Tuesday, June 27, 2017

What to wear? Which fish fork to use? How to turn the table? Eating in late 1800s and not gaining weight?!

Formal Dining Room at Malmaison where Josephine entertained
before and after Napoleon divorced her.

(All photographs here in this post are mine!)
 If you were invited to a dinner party in the nineteenth century, you would have to be on your manners and either starving or terribly polite!


The meal was hours-long. The service slow and measured. The servants ready to deliver your every need. And the portions to the numerous courses were hearty.

Here are a few of my pictures of European houses and a few fabulous dining rooms I adore. In them, kings and queens, emperors and generals ate, laughed and decided the fate of millions.
Shall we talk about an average evening and the menu?
Oh, let's!
First, do let out your corset an inch. You're going to need the room to breathe.
Second, roll back your long gloves, darling. No getting those dirty. Just put them in your lap after you've been assisted in your chair by a footman.
Third, remember to sit ramrod straight as your third governess taught you and please do not crush your bustle!
Fourth, you should know which fork or spoon to begin with. Your fourth governess taught you that, remember? Yes, that's right, the soup spoon is the big bowled one. That other one above your serving plate? It's for the cream, or shall we say, the ice, later. Hmm. Right.
Fish fork? Tiny, ugly thing. Unmistakeable.
Dinner fork, you'll know right off. Knife too.
Butter knife, ditto.
Now as we begin remember we speak only to the one gentleman on our right. He gets to chat you up for half the meal. If he has not cultivated the art of conversation at teatime with his granny, you must pick up his slack. He needs his bit of talk and you are his to enchant or vice versa, if he is lacking.
On to the menu.
First Service:
   Potages (Soup) 
      For example: Consomme or  Puree
   Poisson (Fish)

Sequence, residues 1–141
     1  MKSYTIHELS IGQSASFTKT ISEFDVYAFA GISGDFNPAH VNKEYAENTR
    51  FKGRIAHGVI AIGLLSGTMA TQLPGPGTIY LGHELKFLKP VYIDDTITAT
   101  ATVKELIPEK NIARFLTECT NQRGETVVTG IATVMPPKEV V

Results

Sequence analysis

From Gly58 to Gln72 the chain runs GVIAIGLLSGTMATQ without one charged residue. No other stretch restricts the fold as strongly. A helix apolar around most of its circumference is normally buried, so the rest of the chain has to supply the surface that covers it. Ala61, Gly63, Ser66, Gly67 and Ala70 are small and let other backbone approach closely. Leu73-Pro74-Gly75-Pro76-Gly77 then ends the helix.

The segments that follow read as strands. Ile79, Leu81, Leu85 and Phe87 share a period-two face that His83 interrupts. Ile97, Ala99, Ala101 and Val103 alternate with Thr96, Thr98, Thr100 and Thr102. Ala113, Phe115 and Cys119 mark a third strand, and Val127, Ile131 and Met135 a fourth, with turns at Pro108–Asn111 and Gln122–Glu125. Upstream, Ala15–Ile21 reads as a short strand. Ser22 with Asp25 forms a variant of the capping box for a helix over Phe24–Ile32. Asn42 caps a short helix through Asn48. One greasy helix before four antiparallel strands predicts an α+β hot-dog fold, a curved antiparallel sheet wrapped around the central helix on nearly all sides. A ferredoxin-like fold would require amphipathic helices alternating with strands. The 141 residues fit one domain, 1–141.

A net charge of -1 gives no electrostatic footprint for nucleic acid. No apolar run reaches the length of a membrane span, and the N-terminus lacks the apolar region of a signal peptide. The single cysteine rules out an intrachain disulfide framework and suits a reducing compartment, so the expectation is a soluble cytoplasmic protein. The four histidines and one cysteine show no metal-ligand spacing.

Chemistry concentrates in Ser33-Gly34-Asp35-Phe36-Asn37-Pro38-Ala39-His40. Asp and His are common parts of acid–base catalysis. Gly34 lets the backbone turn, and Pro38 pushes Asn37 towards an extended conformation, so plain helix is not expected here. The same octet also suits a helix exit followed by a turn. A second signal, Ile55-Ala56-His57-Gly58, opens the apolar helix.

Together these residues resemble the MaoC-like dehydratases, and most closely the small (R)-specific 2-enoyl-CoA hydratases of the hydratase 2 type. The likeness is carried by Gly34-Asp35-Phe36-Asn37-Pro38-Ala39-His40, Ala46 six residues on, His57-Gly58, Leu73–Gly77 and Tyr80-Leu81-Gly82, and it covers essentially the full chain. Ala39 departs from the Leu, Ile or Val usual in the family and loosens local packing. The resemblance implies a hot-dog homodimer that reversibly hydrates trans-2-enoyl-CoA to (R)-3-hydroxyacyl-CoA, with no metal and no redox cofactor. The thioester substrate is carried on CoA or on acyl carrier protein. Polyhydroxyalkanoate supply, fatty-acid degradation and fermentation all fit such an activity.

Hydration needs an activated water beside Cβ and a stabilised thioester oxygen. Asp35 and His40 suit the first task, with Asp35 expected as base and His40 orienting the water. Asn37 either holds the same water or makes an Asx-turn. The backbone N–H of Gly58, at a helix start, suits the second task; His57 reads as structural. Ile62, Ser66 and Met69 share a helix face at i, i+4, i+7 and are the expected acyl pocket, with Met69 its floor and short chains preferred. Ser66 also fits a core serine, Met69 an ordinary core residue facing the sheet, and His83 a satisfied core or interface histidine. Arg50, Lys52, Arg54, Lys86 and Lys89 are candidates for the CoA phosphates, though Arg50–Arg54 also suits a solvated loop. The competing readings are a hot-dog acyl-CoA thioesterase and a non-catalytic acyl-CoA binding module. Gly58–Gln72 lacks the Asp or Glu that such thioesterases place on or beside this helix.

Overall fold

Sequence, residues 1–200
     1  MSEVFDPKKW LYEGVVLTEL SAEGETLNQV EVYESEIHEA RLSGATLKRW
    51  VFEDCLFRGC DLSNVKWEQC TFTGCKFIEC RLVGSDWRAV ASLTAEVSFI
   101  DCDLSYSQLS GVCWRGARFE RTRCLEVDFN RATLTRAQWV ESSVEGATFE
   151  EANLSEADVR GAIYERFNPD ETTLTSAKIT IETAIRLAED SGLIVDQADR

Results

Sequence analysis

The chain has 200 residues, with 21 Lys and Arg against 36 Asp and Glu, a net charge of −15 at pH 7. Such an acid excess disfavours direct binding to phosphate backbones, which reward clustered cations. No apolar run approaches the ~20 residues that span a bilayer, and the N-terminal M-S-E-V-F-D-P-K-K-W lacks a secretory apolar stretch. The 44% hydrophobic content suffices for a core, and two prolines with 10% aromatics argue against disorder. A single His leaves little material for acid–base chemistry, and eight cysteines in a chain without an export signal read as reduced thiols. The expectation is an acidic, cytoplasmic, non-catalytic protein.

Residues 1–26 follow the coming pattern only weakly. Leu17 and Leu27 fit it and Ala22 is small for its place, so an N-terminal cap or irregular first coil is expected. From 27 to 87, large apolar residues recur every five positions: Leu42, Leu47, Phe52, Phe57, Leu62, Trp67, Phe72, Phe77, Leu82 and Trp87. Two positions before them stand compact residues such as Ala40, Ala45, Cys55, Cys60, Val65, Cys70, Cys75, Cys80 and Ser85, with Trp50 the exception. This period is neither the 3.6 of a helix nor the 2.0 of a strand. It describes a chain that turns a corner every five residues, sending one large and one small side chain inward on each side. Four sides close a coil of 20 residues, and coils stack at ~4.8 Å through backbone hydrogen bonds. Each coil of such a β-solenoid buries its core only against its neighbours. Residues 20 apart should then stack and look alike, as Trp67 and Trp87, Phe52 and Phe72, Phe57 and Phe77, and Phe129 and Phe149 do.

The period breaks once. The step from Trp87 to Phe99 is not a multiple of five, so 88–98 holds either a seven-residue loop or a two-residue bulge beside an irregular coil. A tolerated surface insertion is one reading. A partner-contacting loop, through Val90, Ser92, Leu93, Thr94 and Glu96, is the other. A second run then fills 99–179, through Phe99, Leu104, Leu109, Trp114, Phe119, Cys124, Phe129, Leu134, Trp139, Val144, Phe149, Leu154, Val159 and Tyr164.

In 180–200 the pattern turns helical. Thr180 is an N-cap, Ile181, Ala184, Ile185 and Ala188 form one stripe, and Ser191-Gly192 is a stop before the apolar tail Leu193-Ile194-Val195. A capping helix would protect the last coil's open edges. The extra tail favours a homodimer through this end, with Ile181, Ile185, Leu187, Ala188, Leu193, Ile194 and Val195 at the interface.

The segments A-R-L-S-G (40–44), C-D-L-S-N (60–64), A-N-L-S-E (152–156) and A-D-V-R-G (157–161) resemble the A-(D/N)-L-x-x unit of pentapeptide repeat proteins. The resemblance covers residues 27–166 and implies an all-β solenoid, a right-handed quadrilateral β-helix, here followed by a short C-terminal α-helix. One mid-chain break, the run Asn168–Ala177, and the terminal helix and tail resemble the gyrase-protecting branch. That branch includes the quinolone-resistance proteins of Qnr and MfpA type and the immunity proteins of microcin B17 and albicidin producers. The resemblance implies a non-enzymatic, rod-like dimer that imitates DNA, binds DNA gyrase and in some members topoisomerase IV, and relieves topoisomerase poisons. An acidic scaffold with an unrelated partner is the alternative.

Any type: roasted, grilled, sauteed, fried or souped
      Chicken, Beef or Lamb in any cut or form
   Larger Service:
        Beef roast, etc
Second Service:
         Vegetable with meat, fish, protein
           Gateau of fruit (baked, custard, etc with fruit)
Now you can see that you have eaten your way through your corset and volunteer to walk home! The meal was truly heavy. Furthermore, we have now learned that many of the well-to-do in this era suffered from obesity, too few vegetables in their diet and too much protein. The added sugar in desserts did not help make them any healthier. To be so, one had to be selective in portions and in the types of foods consumed.
       As for me, I am happy to have access to fresh fruits and vegetables, fresher meals and fish, all of which is deemed safe before it is stocked in our groceries!

Napoleon and Josephine's gold plate, minted for him at Sevres China Factory 
and given to Josephine's son, Eugene after her death. Thereafter it was owned by 
a family in Russia until recently when the French Governmentbought it back to display here.
Dining room in Palais Imperial at Compiegne, France 
set for Emperor Napoleon III and his wife.

A bit different, oui? The servants' dining hall in Vaux le Vicomte south of Paris!

Vive la difference! This is the owners' dining room  (set with only half a table) 
in Vaux le Vicomte!
The Pump Room in Bath, England!
Perfect spot for tea, music and a glass 

of warm mineral water!


Tina Donahue said...

Gawd, they made living hard way-back-when. Sort of like cramming for the SATs with all the rules and regs.

Always love these posts, Cerise -keep them coming!

jean hart stewart said...

Loved this...And the pictures were great. Thanks so much.....

Cerise DeLand said...

So tickled you liked them! YES, it was very hard work to be in Society, wasn't it?
And the pictures are such a treat...courtesy of my phone. WOW. What I have learned over the years about carrying my phone and not the camera, camera bag, batteries!